A different and overlooked Scandinavian Paganism: The Saami

The Sápmi have lived and populated parts of Central and northern Scandinavia, probably before the arrival of Germanic tribes. From Norway all the way to Sweden, especially Norrland & Västerbotten to Finland and even Russia. The oldest written text on the Saami is from Roman historian Tacitus’ from 98 A.D, referring to them as the skridfinns. Tales describe a conflict of the Saami with the Viking & Germanic culture, but later on did trading and other cultural interaction with them such as exchanging skills and knowledge, in particular the crafting of knifes. The Saami have had distinct and unique cultures and different languages, counting up to 10 different languages, all of them of Finno-Ugric origin.

The Saami are a hunting culture and thus deeply shamanic-animistic in their worldview. And indeed, the Saami had a very hard time. By 1635 they were forced to work at a mine in northern Sweden. Refusal to work was punished. When Lapland was established, they have lost a lot of hunting and herding land. By 1685 their shamanic drums, items and ritual tools were taken away from them in order to prevent them from practicing their “witchcraft religion”. During the 18th Century, the Saami hunting grounds, properties and their languages were pretty much taken away from them. Until this very day, remaining Saami people have forgotten their ancestral languages or can barely speak or understand that. The nomadic Saami are a very old, ancient hunter-and gatherer culture reaching far back as the Stone Age. Just like the Indo-Europeans did.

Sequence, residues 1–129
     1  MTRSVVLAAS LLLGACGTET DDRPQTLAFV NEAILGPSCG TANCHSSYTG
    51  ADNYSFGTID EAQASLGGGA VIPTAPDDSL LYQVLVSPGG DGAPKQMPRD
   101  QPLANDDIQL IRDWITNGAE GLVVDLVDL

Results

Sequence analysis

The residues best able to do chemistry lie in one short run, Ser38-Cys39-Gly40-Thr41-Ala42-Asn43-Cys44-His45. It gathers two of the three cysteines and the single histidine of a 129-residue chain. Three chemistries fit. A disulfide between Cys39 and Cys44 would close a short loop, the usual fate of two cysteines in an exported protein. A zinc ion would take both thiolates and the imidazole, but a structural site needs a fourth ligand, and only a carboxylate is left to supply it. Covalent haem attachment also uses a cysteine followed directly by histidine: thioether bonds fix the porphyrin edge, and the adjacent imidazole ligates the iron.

The Saami had a thunder God, called Tiermes. Veraralden was a Sky God. Laib Olmai was their forest God. Akka the Goddess of the Underworld. Saami-shamanism is deeply animistic, they also practiced a wide-spread bear worship. Doesn’t that sound all too familiar? Today they are trying to protect their reindeer-herding lifestyle with help and assistance from the Government. They have a ritualistic way of singing called Joik. Knowing our own roots and what the Indo-Europeans practiced, it would be false to neglect the Saami way of life and beliefs. They have sung the tales of ancient Scandinavian nature for a long, long time.


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